so much story to tell, so much detail to wade through, that Fincher
barely has time to illuminate the motives of anyone involved (the
killer himself exists mostly as a glimpsed-at shadowy figure, a
few brief scenes, and a quick climactic confrontation). Critics
have cited this as a major flaw, but I see it as a change in Fincher's
point of view, a change of heart, almost.
Ever a man to glory in the surface, even texture, of his pictures,
Fincher here is using surface--what a man does in killing, and what
people do in trying to capture him--to suggest the mystery of what
goes on underneath (the surface of things, of one's cranium), in
this particular case the extremes to which a man will go to obey
his need to kill, accomplish, explore, question, believe; beyond
that, the film's surface suggests that truism with which any ambitious
artist must eventually come to grips, the ultimate unknowability
of things, the sense that final solutions or answers are rare, or
false, or often impossible.
seems to have been straining to evoke this throughout his career.
In "Se7en," for example, we hear the killer's rationale, but we
barely understand it, much less accept it at face value (as a detective
so callowly put it: "You're a movie of the week. You're a fucking
t-shirt, at best"); in "The Game" (1997) the nightmarish circumstances
in which a man suddenly finds himself turns out to have (after two
hours of chase and anguish) an all-encompassing explanation (and
even when the credits roll, you wonder if that IS the final explanation);
in "Fight Club" we never get a clear reason for the protagonist's
In each of these near-fantasy settings, however (Fincher's films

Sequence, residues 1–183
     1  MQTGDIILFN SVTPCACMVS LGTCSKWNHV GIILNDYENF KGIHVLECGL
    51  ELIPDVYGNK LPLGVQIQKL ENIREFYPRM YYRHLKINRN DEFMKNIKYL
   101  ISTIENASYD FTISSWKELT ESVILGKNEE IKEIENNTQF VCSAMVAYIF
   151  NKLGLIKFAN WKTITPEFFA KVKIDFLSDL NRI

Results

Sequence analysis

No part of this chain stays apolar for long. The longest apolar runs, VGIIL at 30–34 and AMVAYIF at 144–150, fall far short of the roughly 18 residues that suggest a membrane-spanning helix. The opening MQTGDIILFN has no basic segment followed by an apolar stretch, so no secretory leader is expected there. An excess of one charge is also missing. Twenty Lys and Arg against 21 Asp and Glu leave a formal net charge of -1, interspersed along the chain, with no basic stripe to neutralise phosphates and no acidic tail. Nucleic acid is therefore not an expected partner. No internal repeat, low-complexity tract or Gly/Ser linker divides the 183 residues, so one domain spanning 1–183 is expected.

almost always seem to be set a few years in the future, or in some
alternate reality), the mystery seems more like a conceit to get
an unlikely premise rolling; they're easy to accept because they
seem so shallowly conceived--gimmicks to help a gimmicky director.
different: thoroughly grounded in the San Francisco of the '60s
and '70s, it creates a familiar, even banal everyday world, one
we've seen and come to take for granted after years of films and
TV shows, here presented to us--thanks to Harry Savides' use of
the Thomson Viper FilmStream Digital Camera--in all its larger-than-life
glory (the inspiration was American photographer Stephen Shore's
Occasionally Fincher would cut loose--an overhead shot of Paul Stine's
taxicab, from killer's pickup to driver's death; a hilariously creepy
visit to film projectionist Bob Vaughn's cavernous basement--but
these moments seem more like baroque curlicues, to frame the essential
realism of the film, a realism with slightly deeper shadows than
one might normally expect.
is unsettling, to say the least--like "Blue Velvet," David Lynch's
vision of small-town life ("Zodiac" would be Fincher's vision of
big-city life), we're given a glittering shell, and can't help but
be aware of the void beneath; more, the portrait of obsession (the
film isn't so much about the killer as it is the effects the killer
has had on those hunting him) uncannily mirrors Fincher's own obsessive
qualities in making this film (aside from the painstaking work of
recreating '70s San Francisco, Fincher and his collaborators spent
an additional eighteen months conducting their own investigation
into the Zodiac case).
The two hour-plus film (the running time is roughly a hundred and
fifty-eight minutes, and word is the DVD release will have an even
longer director's cut) is arguably Fincher's Dorian Gray painting--a
source of dark power, and Fincher's best chance yet for artistic
Email me at firstname.lastname@example.org
published in Businessworld, 6/1/07.